Bovine Coronvirus Infection: Clinical Syndromes
in Adult Cattle and Calves
Bovine coronavirus(BCV) is recognized as the primary etiology
of Winter Dysentery (WD) of adult cows and coronaviral diarrhea
in young (3 to 21 days-old) calves. WD is a clinically
and economically important disease in many countries including
the United States.
It is characterized by high morbidity (50-100%), but low
mortality (1-2%), and occurs primarily in adult dairy cows.
The highest incidence ofWD is between November and April
when cattle are kept in close confinement. BCV survives
well at low temperatures and low levels of ultraviolet light.
Clinically, WD is characterized by severe watery diarrhea
(sometimes with blood and mucus), decreased milk production,
listlessness, depression, anorexia, weight loss, and sometimes
cough and/or nasolacrimal discharge. Cows that recover from
WD are apparently immune from disease for 1 to 5 years,
but carrier cows can be a source of repeated outbreaks in
a herd. Microscopic lesions of WD are most evident in the
spiral colon where crypt epithelium exhibits varying
degrees of degeneration and necrosis. Grossly, hemorrhage
(including petechiae) can be found in the mucosa of both
the small and large intestine.
Coronaviral diarrhea in young calves is characterized by
profuse watery or hemorrhagic diarrhea, that in surviving
calves can last 2 to 6 days, listlessness, anorexia,
pyrexia, and dehydration. In some calves, feces contain
flecks of blood. Morbidity and mortality are high and calves
with bloody diarrhea can die of hypovolemiawithin a few
hours of the onset of clinical signs. Infection is established
by ingestion or inhalation of BCV which replicates in "rapidly
dividing" cells such as those that line intestinal
villi. Microscopic lesions of BCV enteric infection in young
calves can often be observed in both the small intestine
and colon. In the small intestine, villi may be atrophic
and lined by attenuated epithelium. This lesion results
in a diminished absorptive and digestive function, and,
perhaps, an increased secretory function, all of which lead
to severe diarrhea. Fluid and electrolyte loss results
in dehydration,acidosis, and hypoglycemia. In calves that
recover from the acute stages of infection, the intestinal
crypt epithelium can regenerate lost mucosa and eventually
regain normal function.
BCV can also cause a "respiratory syndrome" that
is usually quite mild or even "sub-clinical" Clinical
signs are usually seen in calves 2 to 16 weeks-old and include
sneezing (from rhinitis) and coughing (from tracheitis).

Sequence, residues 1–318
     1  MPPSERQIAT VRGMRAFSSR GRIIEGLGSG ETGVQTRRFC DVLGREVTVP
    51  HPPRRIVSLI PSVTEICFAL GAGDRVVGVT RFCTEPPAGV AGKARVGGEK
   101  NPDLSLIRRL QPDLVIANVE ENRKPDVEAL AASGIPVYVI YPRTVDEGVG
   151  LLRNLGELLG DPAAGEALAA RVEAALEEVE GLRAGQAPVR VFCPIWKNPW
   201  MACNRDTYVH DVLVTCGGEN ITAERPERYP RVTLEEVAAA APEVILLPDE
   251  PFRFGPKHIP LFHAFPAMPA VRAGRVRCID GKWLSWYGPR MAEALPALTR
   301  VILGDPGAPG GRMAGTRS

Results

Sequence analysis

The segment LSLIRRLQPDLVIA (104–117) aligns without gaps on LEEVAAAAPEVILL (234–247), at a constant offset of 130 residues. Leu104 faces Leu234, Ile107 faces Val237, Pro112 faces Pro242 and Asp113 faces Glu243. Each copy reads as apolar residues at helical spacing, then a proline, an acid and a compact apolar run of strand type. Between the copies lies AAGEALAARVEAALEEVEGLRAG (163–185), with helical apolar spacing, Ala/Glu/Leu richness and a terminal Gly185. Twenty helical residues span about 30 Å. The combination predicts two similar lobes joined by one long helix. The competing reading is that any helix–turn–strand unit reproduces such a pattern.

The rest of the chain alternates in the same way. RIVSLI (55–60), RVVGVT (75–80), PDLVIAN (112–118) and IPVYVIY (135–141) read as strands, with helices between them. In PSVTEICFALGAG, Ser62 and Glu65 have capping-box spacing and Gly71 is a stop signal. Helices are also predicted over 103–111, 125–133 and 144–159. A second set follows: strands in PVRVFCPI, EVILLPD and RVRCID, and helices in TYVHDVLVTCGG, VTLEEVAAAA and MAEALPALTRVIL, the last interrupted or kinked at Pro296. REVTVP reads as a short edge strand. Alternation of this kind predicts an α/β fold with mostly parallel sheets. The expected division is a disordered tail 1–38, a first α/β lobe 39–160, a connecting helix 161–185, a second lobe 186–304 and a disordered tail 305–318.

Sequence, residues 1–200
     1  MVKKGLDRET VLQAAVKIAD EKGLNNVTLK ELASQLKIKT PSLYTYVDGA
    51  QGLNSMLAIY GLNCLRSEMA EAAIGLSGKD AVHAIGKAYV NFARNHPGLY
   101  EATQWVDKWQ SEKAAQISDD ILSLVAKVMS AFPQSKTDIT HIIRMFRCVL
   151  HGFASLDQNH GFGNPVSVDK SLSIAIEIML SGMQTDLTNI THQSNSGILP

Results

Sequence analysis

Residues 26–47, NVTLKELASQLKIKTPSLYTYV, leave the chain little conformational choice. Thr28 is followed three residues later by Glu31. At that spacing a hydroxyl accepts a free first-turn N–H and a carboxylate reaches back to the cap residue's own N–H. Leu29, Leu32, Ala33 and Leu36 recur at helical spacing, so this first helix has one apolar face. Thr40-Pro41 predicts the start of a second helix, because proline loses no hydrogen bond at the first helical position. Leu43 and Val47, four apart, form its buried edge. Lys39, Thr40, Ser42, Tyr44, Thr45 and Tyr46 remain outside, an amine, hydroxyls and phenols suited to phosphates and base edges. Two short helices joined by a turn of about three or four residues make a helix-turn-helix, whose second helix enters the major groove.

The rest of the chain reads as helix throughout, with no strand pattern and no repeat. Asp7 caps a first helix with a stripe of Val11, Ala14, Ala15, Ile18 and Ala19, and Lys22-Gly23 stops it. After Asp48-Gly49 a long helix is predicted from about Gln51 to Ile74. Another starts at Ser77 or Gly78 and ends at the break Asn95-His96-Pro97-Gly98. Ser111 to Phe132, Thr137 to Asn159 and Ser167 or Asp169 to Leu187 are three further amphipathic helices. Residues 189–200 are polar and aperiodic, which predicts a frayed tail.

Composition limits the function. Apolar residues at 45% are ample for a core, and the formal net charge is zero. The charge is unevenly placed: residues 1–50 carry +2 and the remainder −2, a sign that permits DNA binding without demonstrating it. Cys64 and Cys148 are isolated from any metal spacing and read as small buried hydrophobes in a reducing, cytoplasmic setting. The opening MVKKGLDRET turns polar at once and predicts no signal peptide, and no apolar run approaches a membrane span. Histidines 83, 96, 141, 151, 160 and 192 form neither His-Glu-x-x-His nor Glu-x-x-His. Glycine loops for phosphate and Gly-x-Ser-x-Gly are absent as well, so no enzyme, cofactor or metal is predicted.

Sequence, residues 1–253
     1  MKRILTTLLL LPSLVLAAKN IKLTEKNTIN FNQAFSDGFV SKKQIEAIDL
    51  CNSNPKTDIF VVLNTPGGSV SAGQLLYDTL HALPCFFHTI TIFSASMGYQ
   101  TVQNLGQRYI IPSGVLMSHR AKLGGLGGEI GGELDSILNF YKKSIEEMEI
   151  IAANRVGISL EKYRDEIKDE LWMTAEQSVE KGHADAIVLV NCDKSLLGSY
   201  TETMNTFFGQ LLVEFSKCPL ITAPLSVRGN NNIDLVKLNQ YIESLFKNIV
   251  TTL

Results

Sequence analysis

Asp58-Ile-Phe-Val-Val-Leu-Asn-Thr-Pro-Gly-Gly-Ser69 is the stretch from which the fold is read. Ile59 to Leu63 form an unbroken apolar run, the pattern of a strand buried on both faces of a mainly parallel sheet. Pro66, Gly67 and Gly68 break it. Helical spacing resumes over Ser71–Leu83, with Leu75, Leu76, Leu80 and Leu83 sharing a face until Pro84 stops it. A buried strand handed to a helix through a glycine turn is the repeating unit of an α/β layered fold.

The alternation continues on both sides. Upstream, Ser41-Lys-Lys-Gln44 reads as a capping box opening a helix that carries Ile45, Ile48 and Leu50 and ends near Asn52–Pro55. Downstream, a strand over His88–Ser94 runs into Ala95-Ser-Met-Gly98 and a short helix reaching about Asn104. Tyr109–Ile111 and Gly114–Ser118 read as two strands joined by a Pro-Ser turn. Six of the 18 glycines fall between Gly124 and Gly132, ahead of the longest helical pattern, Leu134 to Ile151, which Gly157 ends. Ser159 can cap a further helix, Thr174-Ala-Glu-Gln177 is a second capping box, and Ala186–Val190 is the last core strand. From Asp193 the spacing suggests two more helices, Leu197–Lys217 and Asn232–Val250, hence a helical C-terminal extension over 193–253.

Because BCV can infect respiratory epithelium, it can predispose
calves to opportunistic bacterial infections. Calves with
respiratory BCV infection can shed high numbers of virus
in their nasal mucus and this virus can cause enteric and/or
respiratory disease in other cattle.
In calves with BCV enteric infection, viral particles can
be detected (e.g., by electron microscopy) in the feces
1 to 2 days before the onset of diarrhea and for several
days after the diarrhea has resolved. BCV can also be found
in nasal secretions of calves with BCV diarrhea. Recovered
calves that are apparently immune to disease can still shed
BCV in their nasal secretions or feces.
Because mucosal immunity is important in preventing or
recovering from BCV infection, calves that do not receive
colostrum (or receive colostrum from "naive",
primiparous cows) are especially susceptible to BCV enteritis.
Vaccination of herds can provide added protection.
A presumptive diagnosis of BCV infection can be accomplished
with a variety of techniques. Serology can detect sero-conversion
or a 4-fold increase in serum immunoglobin levels. Electron
microscopy can detect coronavirus particles in feces or
intestinal contents. Immunofluorescentmicroscopy can detect
coronavirus antigens in infected tissues (e.g., small intestine
and spiral colon of calves, spiral colon of cows, or trachea
and lungs of calves with "respiratory syndrome").
BCV antigen can also be detected by ELISA in feces or gut.
A two-year study of BCV-associated disease (including neonatal
diarrhea,WD, and respiratory disease) in beef and dairy
cattle demonstrated the use of these diagnostic techniques
(Carman, 1992). ELISA was especially useful for diagnosing
BCV diarrhea in calves. Virus neutralization assay of serum
(detecting a four-fold increase in antibody liters) was
valuable for diagnosing WD and BCV-associated respiratory
disease. Cattle with WD often showed serologic evidence
of concurrent infection with Bovine Virus Diarrhea Virus
(BVDV), Infectious Bovine Rhinotracheitis(IBR), or Bovine
Parvovirus(BPV). Cattle with respiratory disease often
showed serologic evidence of concurrent infection to Bovine
Respiratory Syncytial Virus (BRSV),parainfluenza-3(PI3),
BVDV, IBR, or Bovine Adenovirus(BAV). This study indicates
that BCV should be considered as a complicating factor in
both enteric and respiratory disease syndromes of cattle
even when other potential viral pathogens are identified.
In conclusion, BCV can cause clinically significant diarrhea
in both calves and adult cows. Respiratory signs often accompany
or precede enteric disease. Winter when cattle are confined
in "close quarters" is the prime time for BCV
- by Deborah McArthur, Class of 1997
- edited by EvanB.Janovitz,DVM,PhD
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